Supplier Deliveries
The delivery performance of suppliers to manufacturing organizations was slower in May as the Supplier Deliveries Index registered 61 percent, which is 0.3 percentage point lower than the 61.3 percent registered in April. This is the 12th consecutive month the Supplier Deliveries Index has been above 50 percent. A reading above 50 percent indicates slower deliveries.

The 12 industries reporting slower supplier deliveries in May - listed in order - are: Plastics & Rubber Products; Paper Products; Chemical Products; Electrical Equipment, Appliances & Components; Printing & Related Support Activities; Transportation Equipment; Miscellaneous Manufacturing; Machinery; Nonmetallic Mineral Products; Primary Metals; Fabricated Metal Products; and Computer & Electronic Products. The three industries reporting faster deliveries in May are: Petroleum & Coal Products; Apparel, Leather & Allied Products; and Food, Beverage & Tobacco Products.

Inventories
Manufacturers' inventories contracted in May for the second consecutive month as the Inventories Index registered 45.6 percent. The index is 3.8 percentage points lower than the April reading of 49.4 percent. An Inventories Index greater than 42.6 percent, over time, is generally consistent with expansion in the Bureau of Economic Analysis' (BEA) figures on overall manufacturing inventories (in chained 2000 dollars).

The six industries reporting higher inventories in May - listed in order - are: Apparel, Leather & Allied Products; Furniture & Related Products; Computer & Electronic Products; Transportation Equipment; Food, Beverage & Tobacco Products; and Paper Products. The eight industries reporting decreases in inventories in May - listed in order - are: Plastics & Rubber Products; Printing & Related Support Activities; Nonmetallic Mineral Products; Fabricated Metal Products; Chemical Products; Miscellaneous Manufacturing; Electrical Equipment, Appliances & Components; and Machinery.

Customers' Inventories
The ISM Customers' Inventories Index registered 32 percent in May, 1 percentage point lower than in April when the index registered 33 percent, and the 14th consecutive month the Customers' Inventories Index has been below 50 percent. The index indicates that respondents believe their customers' inventories are too low at this time.

Food, Beverage & Tobacco Products is the only industry reporting customers' inventories as being too high during May. The 14 industries reporting customers' inventories as too low during May - listed in order - are: Nonmetallic Mineral Products; Petroleum & Coal Products; Wood Products; Electrical Equipment, Appliances & Components; Fabricated Metal Products; Plastics & Rubber Products; Apparel, Leather & Allied Products; Paper Products; Machinery; Printing & Related Support Activities; Transportation Equipment; Chemical Products; Primary Metals; and Computer & Electronic Products.

Prices*
The ISM Prices Index registered 77.5 percent in May, 0.5 percentage point lower than the 78 percent reported in April. This is the 11th consecutive month in which the Prices Index has registered above 50 percent. While 60 percent of respondents reported paying higher prices and 5 percent reported paying lower prices, 35 percent of supply executives reported paying the same prices as in April. A Prices Index above 49.3 percent, over time, is generally consistent with an increase in the Bureau of Labor Statistics (BLS) Index of Manufacturers Prices.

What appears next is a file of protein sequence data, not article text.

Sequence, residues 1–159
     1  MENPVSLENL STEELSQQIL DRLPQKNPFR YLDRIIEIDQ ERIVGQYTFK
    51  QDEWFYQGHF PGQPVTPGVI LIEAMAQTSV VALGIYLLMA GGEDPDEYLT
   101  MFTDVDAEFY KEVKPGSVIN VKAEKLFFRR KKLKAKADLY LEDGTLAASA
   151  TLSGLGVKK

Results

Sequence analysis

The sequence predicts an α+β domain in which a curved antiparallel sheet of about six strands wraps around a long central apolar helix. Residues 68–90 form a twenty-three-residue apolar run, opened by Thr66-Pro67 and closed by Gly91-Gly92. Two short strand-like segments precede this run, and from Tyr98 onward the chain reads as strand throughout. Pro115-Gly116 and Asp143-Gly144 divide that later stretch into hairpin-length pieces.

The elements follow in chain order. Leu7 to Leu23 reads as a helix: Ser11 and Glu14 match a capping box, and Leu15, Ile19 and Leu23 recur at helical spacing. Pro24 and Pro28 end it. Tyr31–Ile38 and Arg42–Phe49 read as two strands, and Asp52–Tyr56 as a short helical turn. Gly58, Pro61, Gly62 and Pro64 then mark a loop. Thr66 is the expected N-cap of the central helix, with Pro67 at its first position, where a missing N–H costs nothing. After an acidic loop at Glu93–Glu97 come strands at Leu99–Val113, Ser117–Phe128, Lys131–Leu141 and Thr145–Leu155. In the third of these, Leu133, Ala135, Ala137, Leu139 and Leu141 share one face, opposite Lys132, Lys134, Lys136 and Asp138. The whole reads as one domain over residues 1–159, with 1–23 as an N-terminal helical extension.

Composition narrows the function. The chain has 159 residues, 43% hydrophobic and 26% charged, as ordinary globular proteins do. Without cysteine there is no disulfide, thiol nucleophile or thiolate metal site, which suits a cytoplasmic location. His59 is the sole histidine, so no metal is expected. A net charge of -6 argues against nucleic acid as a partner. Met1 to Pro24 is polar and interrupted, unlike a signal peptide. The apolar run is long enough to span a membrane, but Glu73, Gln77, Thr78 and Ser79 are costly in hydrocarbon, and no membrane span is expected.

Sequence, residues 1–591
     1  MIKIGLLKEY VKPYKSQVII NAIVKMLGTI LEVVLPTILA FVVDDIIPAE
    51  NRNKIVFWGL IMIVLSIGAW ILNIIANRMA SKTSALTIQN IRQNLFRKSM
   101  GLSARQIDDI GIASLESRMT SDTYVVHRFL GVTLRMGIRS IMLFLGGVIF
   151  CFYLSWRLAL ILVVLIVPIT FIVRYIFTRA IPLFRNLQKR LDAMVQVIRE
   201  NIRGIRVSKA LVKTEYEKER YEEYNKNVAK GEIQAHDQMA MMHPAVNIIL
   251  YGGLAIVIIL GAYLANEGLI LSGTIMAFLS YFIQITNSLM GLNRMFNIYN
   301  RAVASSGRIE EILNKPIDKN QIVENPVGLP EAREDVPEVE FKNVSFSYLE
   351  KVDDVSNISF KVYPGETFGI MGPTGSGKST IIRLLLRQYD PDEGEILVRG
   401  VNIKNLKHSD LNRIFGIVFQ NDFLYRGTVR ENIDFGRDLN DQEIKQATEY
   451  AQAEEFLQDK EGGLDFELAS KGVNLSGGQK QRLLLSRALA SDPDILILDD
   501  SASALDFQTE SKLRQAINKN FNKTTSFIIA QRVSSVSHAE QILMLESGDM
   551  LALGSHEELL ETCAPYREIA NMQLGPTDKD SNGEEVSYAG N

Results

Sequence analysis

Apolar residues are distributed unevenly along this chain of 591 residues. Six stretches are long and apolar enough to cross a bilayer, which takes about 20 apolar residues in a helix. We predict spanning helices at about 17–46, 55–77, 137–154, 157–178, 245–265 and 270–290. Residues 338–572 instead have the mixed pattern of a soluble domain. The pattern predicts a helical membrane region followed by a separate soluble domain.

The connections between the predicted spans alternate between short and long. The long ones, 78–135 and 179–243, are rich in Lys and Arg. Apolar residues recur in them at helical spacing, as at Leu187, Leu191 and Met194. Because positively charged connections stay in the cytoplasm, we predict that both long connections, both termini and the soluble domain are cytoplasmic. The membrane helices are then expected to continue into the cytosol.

The 17 industries reporting paying increased prices during the month of May - listed in order - are: Wood Products; Plastics & Rubber Products; Furniture & Related Products; Paper Products; Miscellaneous Manufacturing; Chemical Products; Printing & Related Support Activities; Fabricated Metal Products; Transportation Equipment; Textile Mills; Apparel, Leather & Allied Products; Primary Metals; Food, Beverage & Tobacco Products; Electrical Equipment, Appliances & Components; Machinery; Nonmetallic Mineral Products; and Computer & Electronic Products. There were no industry reports of paying lower prices on average during May.

Backlog of Orders
ISM's Backlog of Orders Index registered 59.5 percent in May, 2 percentage points higher than the 57.5 percent reported in April. Of the 85 percent of respondents who reported their backlog of orders, 30 percent reported greater backlogs, 11 percent reported smaller backlogs, and 59 percent reported no change from April.

The seven industries reporting increased order backlogs in May - listed in order - are: Electrical Equipment, Appliances & Components; Fabricated Metal Products; Paper Products; Transportation Equipment; Printing & Related Support Activities; Plastics & Rubber Products; and Food, Beverage & Tobacco Products. The five industries reporting decreases in order backlogs during May are: Miscellaneous Manufacturing; Chemical Products; Computer & Electronic Products; Primary Metals; and Nonmetallic Mineral Products.

New Export Orders
ISM's New Export Orders Index registered 62 percent in May, 1 percentage point higher than the 61 percent reported in April. This is the 11th consecutive month of growth in the New Export Orders Index.

The nine industries reporting growth in new export orders in May - listed in order - are: Apparel, Leather & Allied Products; Machinery; Fabricated Metal Products; Chemical Products; Electrical Equipment, Appliances & Components; Paper Products; Transportation Equipment; Miscellaneous Manufacturing; and Food, Beverage & Tobacco Products. The only industry reporting a decrease in export orders during May is Plastics & Rubber Products.

Imports
Imports of materials by manufacturers expanded in May as the Imports Index registered 56.5 percent, 1.5 percentage points lower than the 58 percent reported in April. This is the ninth consecutive month of growth in imports.

The seven industries reporting growth in imports during the month of May - listed in order - are: Food, Beverage & Tobacco Products; Electrical Equipment, Appliances & Components; Fabricated Metal Products; Transportation Equipment; Machinery; Chemical Products; and Miscellaneous Manufacturing. The only industry reporting a decrease in imports during May is Computer & Electronic Products.

Buying Policy
Average commitment lead time for Capital Expenditures decreased 1 day to 106 days. Average lead time for Production Materials decreased 2 days to 48 days. Average lead time for Maintenance, Repair and Operating (MRO) Supplies increased 1 day to 23 days.